Given such a complex and even messy state of affairs, how can the general run of art lovers make sense of this multifaceted exhibition and the art that it celebrates? The answer is simple: they shouldn’t try too hard. Rather they should surrender to its sundry beauties without undue concern for some grand stylistic synthesis Guercino are duly reenacted, but subtly transformed. For all its pockets of darkness, the overriding fact of Bartolomeo Biscaino’s Adoration of the Magi (Fig. 1) is the beauty of the Madonna herself, whose charm, unlike that of Raphael’s Madonnas, cannot be severed from a potent sense of physical appeal. Valerio Castello’s nearly contemporary Diana and Actaeon with Pan and Syrinx (Fig. 2) deflects the violence and rapine of its subject by reducing the painting to a stylized frieze enlivened by the smoldering burgundies and cobalt blues of the female figures on the left. Similarly, Bartolomeo Guidobono’s steeply angled Lot and His Daughters (Fig. 3) looks to have been painted in a flash of lightning: as striking as the two pale and naked women emerging from the darkness are the perfectly painted peaches at their feet and the golden inferno behind them. Even an admittedly somber master like Gioacchino Assereto, author of the lurid Suicide of Cato (Fig. 4), could produce a work of such dazzling, sunlit tonalities as Alexander and Diogenes (Fig. 5).

Fig. 7. Noah’s Sacrifice after the Deluge by Giovanni Benedetto Castiglione (1609–1664), 1645–1650. Oil on canvas, 55 1/4 by 76 1/4 inches. Los Angeles County Museum of Art, gift of the Ahmanson Foundation.

One other quality of Genoese painting during this period deserves mention: an unparalleled fascination with pigment itself. In the baroque paintings of Rome and Naples without exception, and of Venice and Milan with few exceptions, the medium of paint counts for nothing: it obliterates itself in the very conveyance of what it depicts. Among the Genoese, however, the thickly textured paint strokes refuse, as often as not, to sacrifice themselves to their stated subject.

This defines the work of Bernardo Strozzi, almost certainly the finest artist ever to emerge from the Ligurian capital. Strozzi serves as a powerful lesson in the futility of trying to box the Genoese baroque masters into neat patterns of influence. While his powerful but highly stylized Vision of Saint Domenic (Il Paradiso) (Fig. 8) betrays the unmistakable traces of international mannerism, his Cook (Fig. 6) is a humble kitchen scene in which a ruddy young woman, modeled on the work of painters north of the Rhine, plucks the feathers off an assortment of fowl. In both paintings, a rich and continuous weft of paint unfurls across the canvas in lowest relief, drawing attention irresistibly to the material foundation of the work.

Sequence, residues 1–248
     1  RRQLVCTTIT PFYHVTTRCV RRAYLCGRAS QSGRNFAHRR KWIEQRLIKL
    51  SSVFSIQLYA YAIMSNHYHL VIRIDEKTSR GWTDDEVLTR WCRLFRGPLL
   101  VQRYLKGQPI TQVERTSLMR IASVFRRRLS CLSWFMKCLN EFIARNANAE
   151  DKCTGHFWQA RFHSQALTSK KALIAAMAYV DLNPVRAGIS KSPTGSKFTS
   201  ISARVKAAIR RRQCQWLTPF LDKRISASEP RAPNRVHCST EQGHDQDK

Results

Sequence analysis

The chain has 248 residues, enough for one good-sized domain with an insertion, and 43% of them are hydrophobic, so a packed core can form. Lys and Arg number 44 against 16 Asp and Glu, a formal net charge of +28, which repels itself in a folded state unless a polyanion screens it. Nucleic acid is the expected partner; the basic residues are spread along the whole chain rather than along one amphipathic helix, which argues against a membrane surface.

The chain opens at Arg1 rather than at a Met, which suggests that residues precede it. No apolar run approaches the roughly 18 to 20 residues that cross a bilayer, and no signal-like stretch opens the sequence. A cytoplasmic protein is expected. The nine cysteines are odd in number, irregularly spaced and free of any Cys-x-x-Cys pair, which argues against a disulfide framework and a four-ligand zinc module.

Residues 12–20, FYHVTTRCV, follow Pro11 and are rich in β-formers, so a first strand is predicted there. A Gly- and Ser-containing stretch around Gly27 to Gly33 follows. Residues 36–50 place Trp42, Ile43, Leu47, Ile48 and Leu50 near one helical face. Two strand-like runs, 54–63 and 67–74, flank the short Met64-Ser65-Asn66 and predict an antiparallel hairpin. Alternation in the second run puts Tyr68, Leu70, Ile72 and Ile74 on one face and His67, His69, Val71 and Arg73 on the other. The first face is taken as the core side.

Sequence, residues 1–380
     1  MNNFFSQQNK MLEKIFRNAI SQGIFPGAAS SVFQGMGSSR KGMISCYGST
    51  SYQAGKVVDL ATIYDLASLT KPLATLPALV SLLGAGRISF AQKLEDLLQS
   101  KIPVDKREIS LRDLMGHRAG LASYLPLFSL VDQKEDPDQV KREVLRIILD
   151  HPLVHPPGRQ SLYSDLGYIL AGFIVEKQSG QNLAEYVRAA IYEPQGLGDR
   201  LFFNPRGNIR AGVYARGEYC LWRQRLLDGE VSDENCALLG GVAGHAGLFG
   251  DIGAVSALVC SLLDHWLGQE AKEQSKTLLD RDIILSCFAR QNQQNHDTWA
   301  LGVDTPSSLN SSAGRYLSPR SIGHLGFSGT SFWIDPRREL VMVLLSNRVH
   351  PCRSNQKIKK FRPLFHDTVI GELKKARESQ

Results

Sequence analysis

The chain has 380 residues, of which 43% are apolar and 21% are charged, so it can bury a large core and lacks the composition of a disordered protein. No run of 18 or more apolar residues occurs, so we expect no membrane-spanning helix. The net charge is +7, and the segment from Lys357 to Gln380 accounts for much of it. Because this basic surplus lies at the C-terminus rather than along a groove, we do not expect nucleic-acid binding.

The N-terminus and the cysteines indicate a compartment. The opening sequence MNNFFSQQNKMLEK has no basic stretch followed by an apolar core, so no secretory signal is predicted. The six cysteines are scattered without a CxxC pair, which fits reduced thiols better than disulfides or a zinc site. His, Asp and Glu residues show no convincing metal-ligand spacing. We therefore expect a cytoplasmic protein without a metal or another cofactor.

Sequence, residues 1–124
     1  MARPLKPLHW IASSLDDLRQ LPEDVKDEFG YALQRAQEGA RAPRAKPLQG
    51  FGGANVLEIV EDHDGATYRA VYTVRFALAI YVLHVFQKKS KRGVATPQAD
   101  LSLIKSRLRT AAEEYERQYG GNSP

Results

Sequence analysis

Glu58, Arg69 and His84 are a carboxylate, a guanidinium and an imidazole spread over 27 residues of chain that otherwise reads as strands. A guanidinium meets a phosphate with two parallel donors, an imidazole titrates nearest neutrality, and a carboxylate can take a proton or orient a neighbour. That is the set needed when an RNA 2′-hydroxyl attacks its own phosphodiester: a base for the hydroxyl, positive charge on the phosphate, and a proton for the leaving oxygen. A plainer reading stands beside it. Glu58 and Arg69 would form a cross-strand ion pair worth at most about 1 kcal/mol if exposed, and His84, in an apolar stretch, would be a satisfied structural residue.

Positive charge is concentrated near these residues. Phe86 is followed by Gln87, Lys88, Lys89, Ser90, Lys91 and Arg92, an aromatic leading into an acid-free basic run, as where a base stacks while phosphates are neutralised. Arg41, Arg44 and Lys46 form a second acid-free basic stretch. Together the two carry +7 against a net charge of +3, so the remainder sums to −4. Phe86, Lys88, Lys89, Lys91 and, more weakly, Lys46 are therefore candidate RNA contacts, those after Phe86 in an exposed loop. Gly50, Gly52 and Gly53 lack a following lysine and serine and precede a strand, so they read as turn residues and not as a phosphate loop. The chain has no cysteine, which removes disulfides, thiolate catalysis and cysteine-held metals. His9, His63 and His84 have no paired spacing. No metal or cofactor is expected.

Fig. 9. The Infant Moses with Pharaoh’s Crown by Gregorio de Ferrari (1644–1726), 1675–1680. Oil on canvas, 59 1/8 by 78 3/4 inches. Collezioni d’Arte Banca Carige, Genoa.

This painterliness recurs in the art of Giovanni Benedetto Castiglione, second only to Strozzi among the city’s baroque painters. Influenced by the Flemish painter Cornelis de Wael (Fig. 10), Castiglione far surpasses him in the quality of his figures and in the restrained fullness of his compositions. Rustic scenes like Noah’s Sacrifice After the Deluge (Fig. 7) abound in cattle and sheep, not to mention cats, rabbits, and guinea pigs. If that sense of fullness has been achieved through Castiglione’s study of the sixteenth-century Venetian master Jacopo Bassano, a touch of timeless mythology, of poesia, suggests that he has also seen the masterpieces of Poussin’s middle period. In his varied depictions of fur one often finds an interesting detail, a sharp sequence of parallel strokes, as if from a palette knife, that Castiglione learned from Strozzi (who may have learned it from Domenico Fetti) and that he bequeathed, a century later, to François Boucher.

Fig. 10. The Prodigal Son Amid the Swine by Cornelis de Wael (1592–1667), 1630–1635. Oil on canvas, 22 1/2 by 33 7/8 inches. Private collection.

One final painter deserves mention in this brief introduction, Gregorio de Ferrari, who exemplifies a delightful variant of the aforementioned painterliness. It consists in a quality of relentless billowing, as though the figures were borne weightlessly aloft on a warm breeze. We find this windswept quality, enhanced by the exhilarating lightness of the paint itself, in the Louvre’s Juno and Argus (Fig. 11), perhaps the artist’s finest work. But this quality appears as well in The Infant Moses with Pharaoh’s Crown (Fig. 9), the figures of whose darkened background float around the brightly illuminated child in the center. Here, as in so many works in the forthcoming exhibition, the paint itself feels like a cross between a feather and a flame. There is no reason or justification for this delightful quality other than that imperative quest for beauty that is the defining feature of the Genoese baroque.